) AS tblLicensures ON tblLicensures.ElcEEID = empcomp.Eeceeid
    LEFT OUTER JOIN 
        -- SELECT TOP 1 Degree
        (
            SELECT TOP 1 b.EduType, b.EduRank, EmpEduc.EfeEEID, EmpEduc.EfeLevel
            FROM yvDegreeRanks b 
                INNER JOIN EmpEduc on b.EduCode = EmpEduc.EfeLevel
            WHERE EmpEduc.EfeEEID = empcomp.Eeceeid
            ORDER BY b.EduRank ASC
        ) AS tblDegrees ON tblDegrees.EfeEEID = empcomp.Eeceeid
share|improve this answer
    
Ok I will give that a stab. I see where you are going with it. The actual problem and I should have given more information is that all the information is not stored in the same table. Here is an example of the query that returns their degrees and ranks: –  Mike Fowler May 18 '11 at 14:52
    
Edited the question so the code would look better :) –  Mike Fowler May 18 '11 at 14:58
    
Okay, I'll head home from work now and have a look at it when I'm there. It might be solved by that time, if not I'll do some braindamage on it :-) –  Uw Concept May 18 '11 at 15:08
    
@Mike : can you try the query i just posted ? –  Uw Concept May 19 '11 at 9:43

This is not the most elegant solution, but hopefully it will at least help you out in some way.

create table #dataset (
licensurerank [datatype],
degreerank [datatype],
employeeid [datatype],
firstname varchar,
lastname varchar,
efeLevel  [datatype],
elclicenseid [datatype],
edutype1 [datatype],
edutype2 [datatype]
)

select distinct identity(int,1,1) [ID], EecEmpNo into #employeeList from EmpComp

declare
    @count int,
    @rows int,
    @employeeNo int

select * from #employeeList
set @rows = @@rowcount
set @count = 1

while @count <= @ROWS
    begin

select @employeeNo = EecEmpNo from #employeeList where id = @count

        insert into #dataset
        select top 2 a.EduRank as 'Licensure Rank',
           b.EduRank as 'Degree Rank',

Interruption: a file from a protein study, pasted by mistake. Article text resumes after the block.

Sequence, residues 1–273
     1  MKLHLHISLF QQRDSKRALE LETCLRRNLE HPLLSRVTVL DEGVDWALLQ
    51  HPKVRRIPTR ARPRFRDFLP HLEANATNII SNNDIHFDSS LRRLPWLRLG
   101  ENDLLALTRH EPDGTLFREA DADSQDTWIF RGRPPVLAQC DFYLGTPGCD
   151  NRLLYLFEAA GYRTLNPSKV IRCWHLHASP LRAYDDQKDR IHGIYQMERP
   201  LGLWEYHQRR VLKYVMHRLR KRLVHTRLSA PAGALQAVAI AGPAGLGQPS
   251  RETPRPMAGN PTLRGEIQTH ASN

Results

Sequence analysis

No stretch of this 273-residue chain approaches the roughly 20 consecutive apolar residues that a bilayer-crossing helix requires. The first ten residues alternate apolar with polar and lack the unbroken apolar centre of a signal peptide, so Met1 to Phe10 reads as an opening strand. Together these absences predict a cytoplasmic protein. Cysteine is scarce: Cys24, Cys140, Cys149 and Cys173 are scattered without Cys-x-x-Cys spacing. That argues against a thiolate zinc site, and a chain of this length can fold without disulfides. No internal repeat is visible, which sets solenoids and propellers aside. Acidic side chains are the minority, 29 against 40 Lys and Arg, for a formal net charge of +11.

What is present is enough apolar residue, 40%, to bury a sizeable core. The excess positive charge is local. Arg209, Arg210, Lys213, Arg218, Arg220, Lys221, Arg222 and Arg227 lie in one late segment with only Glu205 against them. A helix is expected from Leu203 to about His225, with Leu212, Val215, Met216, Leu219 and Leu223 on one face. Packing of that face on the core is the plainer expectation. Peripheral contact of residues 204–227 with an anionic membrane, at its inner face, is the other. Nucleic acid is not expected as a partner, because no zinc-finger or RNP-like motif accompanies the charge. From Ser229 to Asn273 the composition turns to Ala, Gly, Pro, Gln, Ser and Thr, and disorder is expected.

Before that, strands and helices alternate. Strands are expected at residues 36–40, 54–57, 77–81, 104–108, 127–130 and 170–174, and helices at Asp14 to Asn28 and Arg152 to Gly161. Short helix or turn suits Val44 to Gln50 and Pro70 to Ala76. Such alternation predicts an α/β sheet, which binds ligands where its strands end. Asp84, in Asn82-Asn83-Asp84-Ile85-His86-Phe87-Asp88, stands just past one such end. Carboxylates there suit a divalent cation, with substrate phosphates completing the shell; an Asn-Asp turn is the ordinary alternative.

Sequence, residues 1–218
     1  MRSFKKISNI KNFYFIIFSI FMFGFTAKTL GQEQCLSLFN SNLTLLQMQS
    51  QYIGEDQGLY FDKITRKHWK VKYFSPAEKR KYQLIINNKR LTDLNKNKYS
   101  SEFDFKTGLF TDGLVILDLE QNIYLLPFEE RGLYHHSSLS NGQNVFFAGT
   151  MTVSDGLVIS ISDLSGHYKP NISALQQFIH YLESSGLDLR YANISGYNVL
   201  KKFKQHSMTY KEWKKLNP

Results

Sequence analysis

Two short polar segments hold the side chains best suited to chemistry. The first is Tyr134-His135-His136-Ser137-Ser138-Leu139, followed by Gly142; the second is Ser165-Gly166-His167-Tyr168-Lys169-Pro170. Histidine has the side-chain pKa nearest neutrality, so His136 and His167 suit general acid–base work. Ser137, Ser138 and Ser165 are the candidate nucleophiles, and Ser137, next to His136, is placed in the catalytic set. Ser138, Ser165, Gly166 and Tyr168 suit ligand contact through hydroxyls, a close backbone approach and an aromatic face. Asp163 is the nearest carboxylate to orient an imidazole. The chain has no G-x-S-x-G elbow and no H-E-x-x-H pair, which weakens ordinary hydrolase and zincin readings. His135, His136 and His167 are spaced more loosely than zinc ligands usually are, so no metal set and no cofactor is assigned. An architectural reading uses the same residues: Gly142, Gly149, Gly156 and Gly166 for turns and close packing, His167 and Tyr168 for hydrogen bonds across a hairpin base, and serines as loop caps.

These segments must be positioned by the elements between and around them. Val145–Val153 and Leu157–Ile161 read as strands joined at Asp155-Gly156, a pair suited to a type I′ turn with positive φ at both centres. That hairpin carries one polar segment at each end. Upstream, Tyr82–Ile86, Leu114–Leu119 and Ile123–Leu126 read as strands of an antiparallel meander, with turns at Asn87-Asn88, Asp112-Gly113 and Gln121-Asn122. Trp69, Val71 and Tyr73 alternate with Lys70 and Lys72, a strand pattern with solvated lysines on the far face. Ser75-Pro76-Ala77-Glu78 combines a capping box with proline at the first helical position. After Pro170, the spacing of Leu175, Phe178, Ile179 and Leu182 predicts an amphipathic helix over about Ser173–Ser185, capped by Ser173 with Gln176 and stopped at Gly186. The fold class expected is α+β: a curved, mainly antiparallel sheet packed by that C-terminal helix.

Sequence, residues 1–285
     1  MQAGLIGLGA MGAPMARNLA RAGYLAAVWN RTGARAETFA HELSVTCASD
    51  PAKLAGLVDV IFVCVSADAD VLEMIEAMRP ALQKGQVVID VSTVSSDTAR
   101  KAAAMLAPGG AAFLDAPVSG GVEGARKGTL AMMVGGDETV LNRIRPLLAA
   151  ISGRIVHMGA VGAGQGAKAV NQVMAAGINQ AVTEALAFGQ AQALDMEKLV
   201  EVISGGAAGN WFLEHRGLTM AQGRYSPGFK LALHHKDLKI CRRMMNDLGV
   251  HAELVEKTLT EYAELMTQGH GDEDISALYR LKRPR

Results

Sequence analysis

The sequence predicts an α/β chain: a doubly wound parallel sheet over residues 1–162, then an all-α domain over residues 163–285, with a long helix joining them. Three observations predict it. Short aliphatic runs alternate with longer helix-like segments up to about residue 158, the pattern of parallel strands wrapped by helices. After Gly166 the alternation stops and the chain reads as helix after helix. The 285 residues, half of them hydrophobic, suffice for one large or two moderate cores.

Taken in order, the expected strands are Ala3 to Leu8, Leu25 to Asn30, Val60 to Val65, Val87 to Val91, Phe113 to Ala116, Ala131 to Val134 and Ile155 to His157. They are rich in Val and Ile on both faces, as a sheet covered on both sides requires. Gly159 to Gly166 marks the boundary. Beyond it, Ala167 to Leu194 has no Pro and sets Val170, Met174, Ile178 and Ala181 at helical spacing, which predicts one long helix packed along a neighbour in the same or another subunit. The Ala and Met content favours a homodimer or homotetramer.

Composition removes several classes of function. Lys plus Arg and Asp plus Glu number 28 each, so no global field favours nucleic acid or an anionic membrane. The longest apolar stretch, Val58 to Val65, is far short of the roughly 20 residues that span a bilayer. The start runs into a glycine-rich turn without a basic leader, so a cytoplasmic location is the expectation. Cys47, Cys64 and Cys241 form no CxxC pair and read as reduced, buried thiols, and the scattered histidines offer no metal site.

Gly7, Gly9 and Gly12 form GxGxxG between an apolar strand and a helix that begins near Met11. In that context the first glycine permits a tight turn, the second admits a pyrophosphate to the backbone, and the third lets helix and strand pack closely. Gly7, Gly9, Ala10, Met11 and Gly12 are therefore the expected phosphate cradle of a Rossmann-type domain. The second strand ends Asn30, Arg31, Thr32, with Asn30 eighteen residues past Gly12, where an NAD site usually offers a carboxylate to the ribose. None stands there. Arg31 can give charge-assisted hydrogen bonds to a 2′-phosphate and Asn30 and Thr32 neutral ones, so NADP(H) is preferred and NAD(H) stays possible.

EmpComp.EecEmpNo, 
          EmpPers.EepNameFirst, 
           EmpPers.EepNameLast, 
           RTRIM(EmpEduc.EfeLevel),
           RTRIM(EmpLicns.ElcLicenseID),
           a.EduType,
           b.EduType
               from empcomp 
              join EmpPers on empcomp.eeceeid = EmpPers.eepEEID
              join EmpEduc on empcomp.Eeceeid = EmpEduc.EfeEEID
              join EmpLicns on empcomp.eeceeid = EmpLicns.ElcEEID
              join yvDegreeRanks a on a.EduCode = EmpLicns.ElcLicenseID
              join yvDegreeRanks b on b.EduCode = EmpEduc.EfeLevel
            where EmpComp.EecEmpNo = @employeeNo

    set @count = @count + 1
end
share|improve this answer

Have tables for employees, types of degrees (including a rank), types of certs (including a rank), and join tables employees_degrees and employees_certs. [It might be better to put degrees and certs in one table with a flag is_degree, if all their other fields are the same.] You can extract the existing string values and replace them with FK ids into the degree and cert tables.

The query itself is harder, because PARTITION BY is not available in SQL Server 2000 (according to Google). UW's answer has at least two problems: you need LEFT JOINs because not all employees have degrees and certs, and there is no ORDER BY to show what you want to take the best of. TOP 2 subqueries are particularly difficult to use in this context. So for that, I can't yet give an answer.

share|improve this answer
    
Good points Andrew. –  Mike Fowler May 18 '11 at 19:34